Identifying At-Risk Older Adult Populations, Coronavirus
As the country is wrapped in a global pandemic never witnessed before by many, it’s important to make predictions about which groups of people will be most affected by coronavirus, or COVID-19. The Centers for Disease Control and Prevention (CDC) has said that older adults carry the characteristics that put them at greater risk of illness and death related to the virus. These adults may have limitations which impair their ability to respond to an infectious disease or emergency, such as:
- Disabilities that have impaired their mobility
- Diminished sensory awareness due to Alzheimer’s Disease and other forms of dementia
- Multiple chronic health conditions such as cardiovascular diseases, lung diseases, hypertension, cancer, and diabetes
- Social and economic limitations related to health care coverage and access to medical resources
- Disruptions in the vital support systems they rely on such as understaffed nursing homes due to worker illness
- Lack of caregiver preparedness and emergency management by the facilities they reside in
The CDC had previously published a guide titled, Identifying Vulnerable Older Adults and Legal Options for Increasing Their Protection During All-Hazards Emergencies that may be helpful during this time. While the guide is not to be used for legal or healthcare regulation, it does provide a service to those who may be advocates for older adults living in long-term care facilities in Illinois and would like to be better informed. The guide can be used to identify and protect vulnerable older adults during these types of all-hazards emergencies.
Coronavirus Symptoms and Emergency Warning Signs for At-Risk Populations
Updated on March 12, health officials in Illinois have confirmed 32 cases of coronavirus in the state. Adopting prevention methods to slow the spread of the disease and identifying symptoms early on can significantly help at-risk older adults living in nursing homes. Although this list is not inclusive, the CDC has identified these symptoms and emergency warning signs of coronavirus to be on the watch for:
- Difficulty breathing or shortness of breath
- Persistent pain or pressure in the chest
- Confusion or inability to arouse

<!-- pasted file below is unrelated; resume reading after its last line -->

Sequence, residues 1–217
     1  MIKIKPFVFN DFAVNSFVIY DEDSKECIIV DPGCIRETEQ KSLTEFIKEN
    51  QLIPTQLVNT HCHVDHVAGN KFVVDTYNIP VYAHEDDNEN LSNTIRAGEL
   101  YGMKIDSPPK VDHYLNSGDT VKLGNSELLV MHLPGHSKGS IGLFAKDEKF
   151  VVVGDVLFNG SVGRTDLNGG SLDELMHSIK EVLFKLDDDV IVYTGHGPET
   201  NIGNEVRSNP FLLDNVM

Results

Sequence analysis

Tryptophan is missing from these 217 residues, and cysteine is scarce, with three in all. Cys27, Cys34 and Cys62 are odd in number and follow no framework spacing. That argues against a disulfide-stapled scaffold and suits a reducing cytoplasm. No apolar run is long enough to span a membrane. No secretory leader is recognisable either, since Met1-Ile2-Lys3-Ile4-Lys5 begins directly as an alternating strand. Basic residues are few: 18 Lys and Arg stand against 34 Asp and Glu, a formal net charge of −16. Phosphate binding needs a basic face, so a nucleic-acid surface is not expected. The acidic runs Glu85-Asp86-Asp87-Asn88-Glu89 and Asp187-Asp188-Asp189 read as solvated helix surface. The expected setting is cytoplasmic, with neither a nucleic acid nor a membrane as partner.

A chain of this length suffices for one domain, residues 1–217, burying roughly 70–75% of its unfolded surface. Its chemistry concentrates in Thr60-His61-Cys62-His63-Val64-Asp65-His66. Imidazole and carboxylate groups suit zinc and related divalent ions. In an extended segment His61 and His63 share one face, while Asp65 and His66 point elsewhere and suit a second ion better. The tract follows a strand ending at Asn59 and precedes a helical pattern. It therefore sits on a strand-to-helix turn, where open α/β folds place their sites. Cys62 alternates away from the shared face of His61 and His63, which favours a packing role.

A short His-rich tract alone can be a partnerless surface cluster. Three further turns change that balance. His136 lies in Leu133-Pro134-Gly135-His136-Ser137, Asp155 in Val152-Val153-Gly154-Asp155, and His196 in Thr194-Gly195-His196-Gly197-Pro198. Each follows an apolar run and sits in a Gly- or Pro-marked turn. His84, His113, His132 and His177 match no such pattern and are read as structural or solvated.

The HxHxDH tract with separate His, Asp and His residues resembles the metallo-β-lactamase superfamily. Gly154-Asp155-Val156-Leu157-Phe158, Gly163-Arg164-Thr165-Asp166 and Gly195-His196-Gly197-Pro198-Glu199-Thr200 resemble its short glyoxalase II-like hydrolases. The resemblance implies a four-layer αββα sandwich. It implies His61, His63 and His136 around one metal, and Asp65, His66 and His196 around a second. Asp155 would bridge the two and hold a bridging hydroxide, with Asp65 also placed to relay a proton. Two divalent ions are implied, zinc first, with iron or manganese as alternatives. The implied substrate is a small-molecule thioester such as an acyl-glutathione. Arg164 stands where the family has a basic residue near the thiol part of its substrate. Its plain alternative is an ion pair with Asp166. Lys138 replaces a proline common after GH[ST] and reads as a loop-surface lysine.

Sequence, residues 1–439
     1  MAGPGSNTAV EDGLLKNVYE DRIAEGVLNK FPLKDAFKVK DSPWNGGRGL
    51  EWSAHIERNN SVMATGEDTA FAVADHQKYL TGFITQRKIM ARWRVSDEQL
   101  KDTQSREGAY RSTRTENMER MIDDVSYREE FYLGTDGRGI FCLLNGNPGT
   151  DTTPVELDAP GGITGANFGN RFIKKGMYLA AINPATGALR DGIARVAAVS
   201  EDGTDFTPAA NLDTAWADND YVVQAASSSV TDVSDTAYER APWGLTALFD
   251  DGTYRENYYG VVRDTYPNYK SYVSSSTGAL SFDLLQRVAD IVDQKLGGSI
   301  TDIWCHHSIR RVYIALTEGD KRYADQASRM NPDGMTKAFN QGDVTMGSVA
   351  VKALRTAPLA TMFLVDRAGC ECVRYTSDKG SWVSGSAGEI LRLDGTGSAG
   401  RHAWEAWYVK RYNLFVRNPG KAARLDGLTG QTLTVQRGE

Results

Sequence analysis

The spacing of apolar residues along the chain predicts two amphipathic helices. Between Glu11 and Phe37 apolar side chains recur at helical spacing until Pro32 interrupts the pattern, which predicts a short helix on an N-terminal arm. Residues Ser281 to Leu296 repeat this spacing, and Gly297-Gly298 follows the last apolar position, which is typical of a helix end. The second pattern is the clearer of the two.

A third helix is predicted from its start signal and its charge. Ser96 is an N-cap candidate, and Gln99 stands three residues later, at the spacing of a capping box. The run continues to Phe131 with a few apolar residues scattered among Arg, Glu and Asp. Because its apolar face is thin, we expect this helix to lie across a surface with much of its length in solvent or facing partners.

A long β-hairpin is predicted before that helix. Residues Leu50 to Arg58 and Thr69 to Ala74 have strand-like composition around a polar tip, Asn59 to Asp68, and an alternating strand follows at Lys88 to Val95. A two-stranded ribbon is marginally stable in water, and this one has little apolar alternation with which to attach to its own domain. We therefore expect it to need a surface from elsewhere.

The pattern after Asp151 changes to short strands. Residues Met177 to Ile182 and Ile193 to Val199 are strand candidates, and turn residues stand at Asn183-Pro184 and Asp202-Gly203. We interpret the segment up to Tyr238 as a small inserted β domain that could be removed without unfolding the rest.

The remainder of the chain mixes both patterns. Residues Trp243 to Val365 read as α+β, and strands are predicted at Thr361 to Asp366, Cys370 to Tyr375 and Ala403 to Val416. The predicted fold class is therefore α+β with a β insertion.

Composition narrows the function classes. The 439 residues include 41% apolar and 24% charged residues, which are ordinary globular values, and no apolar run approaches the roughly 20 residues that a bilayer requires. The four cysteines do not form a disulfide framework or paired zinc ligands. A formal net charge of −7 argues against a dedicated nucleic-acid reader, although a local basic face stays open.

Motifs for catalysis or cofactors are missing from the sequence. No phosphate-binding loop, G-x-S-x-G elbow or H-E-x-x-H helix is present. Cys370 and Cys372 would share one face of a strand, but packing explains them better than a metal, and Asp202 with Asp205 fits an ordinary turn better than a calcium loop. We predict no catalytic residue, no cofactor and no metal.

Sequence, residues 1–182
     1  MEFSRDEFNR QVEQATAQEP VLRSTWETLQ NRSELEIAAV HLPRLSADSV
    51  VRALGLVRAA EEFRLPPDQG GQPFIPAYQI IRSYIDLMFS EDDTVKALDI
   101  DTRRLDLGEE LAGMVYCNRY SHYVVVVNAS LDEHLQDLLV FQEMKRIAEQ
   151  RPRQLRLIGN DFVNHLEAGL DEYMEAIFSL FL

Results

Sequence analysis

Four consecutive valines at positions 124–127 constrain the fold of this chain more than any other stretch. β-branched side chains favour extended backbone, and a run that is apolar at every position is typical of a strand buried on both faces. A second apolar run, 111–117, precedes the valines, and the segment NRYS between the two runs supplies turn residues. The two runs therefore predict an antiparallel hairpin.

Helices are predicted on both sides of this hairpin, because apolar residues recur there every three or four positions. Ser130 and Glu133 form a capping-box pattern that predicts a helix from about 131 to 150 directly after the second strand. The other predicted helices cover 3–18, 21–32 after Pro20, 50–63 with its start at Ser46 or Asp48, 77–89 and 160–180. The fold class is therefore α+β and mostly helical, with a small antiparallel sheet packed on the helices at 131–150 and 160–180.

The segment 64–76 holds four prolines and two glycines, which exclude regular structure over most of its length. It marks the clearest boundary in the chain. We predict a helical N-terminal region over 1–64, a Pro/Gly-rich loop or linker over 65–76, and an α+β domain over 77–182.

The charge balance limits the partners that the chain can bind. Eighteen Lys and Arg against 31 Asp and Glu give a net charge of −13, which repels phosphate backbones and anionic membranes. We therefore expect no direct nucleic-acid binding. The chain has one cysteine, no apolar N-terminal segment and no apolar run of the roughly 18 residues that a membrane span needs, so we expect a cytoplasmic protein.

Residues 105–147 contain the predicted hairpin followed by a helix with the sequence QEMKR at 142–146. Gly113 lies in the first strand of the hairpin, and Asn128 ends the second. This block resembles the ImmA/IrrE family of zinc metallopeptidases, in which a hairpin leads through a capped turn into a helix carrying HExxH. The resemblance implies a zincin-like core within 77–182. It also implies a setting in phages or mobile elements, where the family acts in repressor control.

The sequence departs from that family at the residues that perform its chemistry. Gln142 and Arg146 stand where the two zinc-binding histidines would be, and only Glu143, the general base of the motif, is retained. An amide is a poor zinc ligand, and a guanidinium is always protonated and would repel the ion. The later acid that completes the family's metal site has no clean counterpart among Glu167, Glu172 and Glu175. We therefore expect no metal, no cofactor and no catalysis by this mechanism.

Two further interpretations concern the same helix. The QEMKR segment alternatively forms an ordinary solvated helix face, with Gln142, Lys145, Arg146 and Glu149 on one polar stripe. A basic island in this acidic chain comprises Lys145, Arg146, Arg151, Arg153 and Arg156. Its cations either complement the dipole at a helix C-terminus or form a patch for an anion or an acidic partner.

- Discoloring (bluish) in the lips or face
Preparedness planning for COVID-19 for at-risk older adults, and the organizations that support them, including long-term care facilities, should be vigilant in preventing the introduction and spread of COVID-19 among residents and staff.
State and Federal Recommendations Say Limit Nursing Home Visitors, Screen Ill Workers
The CDC recommends that if you care for a loved one living in a care facility in Illinois, you should frequently be monitoring the situation with your resident or their caretakers by phone or email. Be sure to ask about the health of the other residents and staff members, and be proactive in educating yourself on the protocol if there is an outbreak.
As the coronavirus continues to spread, on Wednesday, March 11, Gov. Pritzker announced coronavirus prevention procedures for nursing home staff to follow, and put restrictions on visitors at state-run nursing homes. He also requested that privately-run nursing homes mimic state guidelines. The CDC, alongside the Centers for Medicare & Medicaid Services, has said that visitors and healthcare personnel are the most likely sources of introduction of COVID-19 into a long-term care facility. The federal agencies also recommend aggressive visitor restrictions and enforcing sick leave policies for ill workers, even when COVID-19 has not yet been identified in a facility.
Illinois Nursing Home Negligence Related to Coronavirus
If a loved one has sustained a serious infectious disease complication resulting from neglect or missed medical treatments provided by a nursing home, we can help. Please reach out to Levin & Perconti, a Chicago-based law firm ready to provide you with a free nursing home negligence consultation at (312) 332-2872.